But all that will take a backseat on Thursday when Kevin Durant officially joins the Golden State Warriors.

Tuesday, July 05, 2016


Wow.  What else is there to say?  I certainly never expected it.

Kevin Durant announced on Monday that he would be playing for the Golden State Warriors.  In one fell swoop, the Warriors obtained one of the greatest players in the NBA, and defanged its conference rival, the Thunder.

Some other dominoes quickly fell.  Warriors Andrew Bogut and Harrison Barnes departed for Dallas, and the Dubs obtained from Dallas a year contract for big man Zaza Pahchulia, who with Curry, Thompson, Green and Durant, probably constitutes the 2016-17 starting five.

After their initial elation, Dubs fans at the Bleacher Report obsessed with financials, trying to figure out how the Warriors pay the rest of the team.  But another comment on that site says it all in one word: Surreal.

Yet it makes sense for Durant, and almost anybody.  Because every player envies the players on Golden State for the team culture and the Bay Area atmosphere.  Durant's one question in his meeting with the Warriors was, will I upset the team chemistry?  Everybody knows that's what's special about the Warriors.  Strength in Numbers is more than a slogan. (Rob Mahoney at SI makes this point at length.)  Curry texted Durant, reassuring him of the team ethic, and it's not a team of rivals.  Jerry West expounded on how Durant would fit in perfectly.  All this is at least equal to the prospects of championships to come.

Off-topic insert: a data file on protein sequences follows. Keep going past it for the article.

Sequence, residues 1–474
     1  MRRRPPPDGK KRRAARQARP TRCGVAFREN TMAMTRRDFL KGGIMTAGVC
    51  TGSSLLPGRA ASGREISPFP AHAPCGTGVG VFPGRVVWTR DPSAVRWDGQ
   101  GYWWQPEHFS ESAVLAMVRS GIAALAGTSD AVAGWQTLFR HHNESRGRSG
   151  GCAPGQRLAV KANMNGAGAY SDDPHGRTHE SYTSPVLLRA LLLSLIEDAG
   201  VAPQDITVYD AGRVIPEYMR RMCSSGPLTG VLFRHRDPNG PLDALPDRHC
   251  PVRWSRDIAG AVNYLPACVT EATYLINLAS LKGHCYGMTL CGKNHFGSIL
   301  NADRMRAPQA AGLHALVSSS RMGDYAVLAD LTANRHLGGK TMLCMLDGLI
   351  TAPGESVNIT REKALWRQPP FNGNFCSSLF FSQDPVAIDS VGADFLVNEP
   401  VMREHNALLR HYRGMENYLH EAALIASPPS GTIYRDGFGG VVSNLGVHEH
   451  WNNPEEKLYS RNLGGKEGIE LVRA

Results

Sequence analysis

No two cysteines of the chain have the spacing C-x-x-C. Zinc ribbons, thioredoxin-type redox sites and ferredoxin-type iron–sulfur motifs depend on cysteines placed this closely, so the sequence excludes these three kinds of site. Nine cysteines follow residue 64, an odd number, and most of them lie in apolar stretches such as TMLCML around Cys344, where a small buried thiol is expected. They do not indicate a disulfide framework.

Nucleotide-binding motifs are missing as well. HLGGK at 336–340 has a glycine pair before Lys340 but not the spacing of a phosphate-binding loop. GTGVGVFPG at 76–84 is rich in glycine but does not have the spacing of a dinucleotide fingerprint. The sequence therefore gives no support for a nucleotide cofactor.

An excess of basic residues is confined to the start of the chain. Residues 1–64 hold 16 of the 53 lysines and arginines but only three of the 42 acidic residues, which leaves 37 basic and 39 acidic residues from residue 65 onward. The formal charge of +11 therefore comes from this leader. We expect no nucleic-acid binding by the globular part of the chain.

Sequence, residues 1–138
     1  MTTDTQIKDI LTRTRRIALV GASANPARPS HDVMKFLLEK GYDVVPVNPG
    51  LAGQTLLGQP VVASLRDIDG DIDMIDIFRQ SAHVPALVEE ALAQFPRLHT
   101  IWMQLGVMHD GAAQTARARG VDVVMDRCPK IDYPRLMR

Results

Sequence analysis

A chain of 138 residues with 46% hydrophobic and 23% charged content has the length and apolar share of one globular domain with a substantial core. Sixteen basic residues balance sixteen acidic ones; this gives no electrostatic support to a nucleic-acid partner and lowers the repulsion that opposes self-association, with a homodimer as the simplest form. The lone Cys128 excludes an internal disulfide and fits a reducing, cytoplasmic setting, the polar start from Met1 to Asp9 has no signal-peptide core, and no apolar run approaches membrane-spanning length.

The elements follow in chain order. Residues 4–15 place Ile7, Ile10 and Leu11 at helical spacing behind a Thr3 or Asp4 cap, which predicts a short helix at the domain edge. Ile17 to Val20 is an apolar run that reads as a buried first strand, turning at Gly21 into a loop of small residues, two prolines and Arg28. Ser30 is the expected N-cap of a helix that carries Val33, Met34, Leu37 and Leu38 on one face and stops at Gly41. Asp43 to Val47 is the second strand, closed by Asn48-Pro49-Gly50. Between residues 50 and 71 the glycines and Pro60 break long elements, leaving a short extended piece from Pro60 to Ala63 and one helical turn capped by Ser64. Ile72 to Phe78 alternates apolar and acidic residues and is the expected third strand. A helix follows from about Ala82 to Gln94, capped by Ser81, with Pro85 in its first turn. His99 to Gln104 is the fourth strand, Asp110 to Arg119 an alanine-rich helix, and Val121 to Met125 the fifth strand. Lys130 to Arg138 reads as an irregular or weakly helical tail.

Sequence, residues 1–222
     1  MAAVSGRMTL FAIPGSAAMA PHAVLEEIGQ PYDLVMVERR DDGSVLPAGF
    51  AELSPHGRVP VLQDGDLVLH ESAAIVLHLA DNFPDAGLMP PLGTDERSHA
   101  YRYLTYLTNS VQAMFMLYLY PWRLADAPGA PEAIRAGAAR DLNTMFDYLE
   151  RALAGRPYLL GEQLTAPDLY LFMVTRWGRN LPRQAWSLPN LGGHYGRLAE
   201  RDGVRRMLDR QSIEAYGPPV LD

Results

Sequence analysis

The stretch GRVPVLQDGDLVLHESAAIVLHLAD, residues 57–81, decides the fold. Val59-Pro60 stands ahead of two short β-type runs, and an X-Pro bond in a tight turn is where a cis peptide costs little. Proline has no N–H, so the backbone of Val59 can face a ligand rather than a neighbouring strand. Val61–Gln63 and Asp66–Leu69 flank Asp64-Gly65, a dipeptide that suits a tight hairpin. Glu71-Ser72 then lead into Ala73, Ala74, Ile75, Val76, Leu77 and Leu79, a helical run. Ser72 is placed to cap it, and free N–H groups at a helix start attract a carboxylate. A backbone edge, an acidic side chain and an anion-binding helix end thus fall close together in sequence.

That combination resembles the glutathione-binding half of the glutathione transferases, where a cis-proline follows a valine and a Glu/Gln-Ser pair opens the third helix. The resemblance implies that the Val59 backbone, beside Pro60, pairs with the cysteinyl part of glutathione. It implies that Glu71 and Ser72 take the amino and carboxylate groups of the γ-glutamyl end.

The news of Durant's announcement came as the San Francisco Giants were finishing up their afternoon game at home--Duane Kiper related it during the radio broadcast-- riding homers by Posey and Pagan behind a strong start by Peavy (yeah, the killer P's, inevitably) to beat the Rockies 3-1.  Also notable: Sergio Romo returned to the bullpen, pitching in the eighth.  And for the first time in awhile, the Giants got through the eighth with their lead intact.

They leaned on their rookies again, though mostly for defense.  Parker and Williamson made nice outfield plays on a tricky sun-and-wind day, and Grant Green made an excellent play at second base.

The Dodgers also won so the Giants didn't get any additional space at the top of the division, but their victory did pull them to one-half game behind the Cubs for the best record in the league.  They've won 16 of their last 22 games, the best record in MLB for that period.

The Pirates beat the Cardinals 4-2 to go above .500 and gain a game on second place Cards--they're now just a game and a half behind them.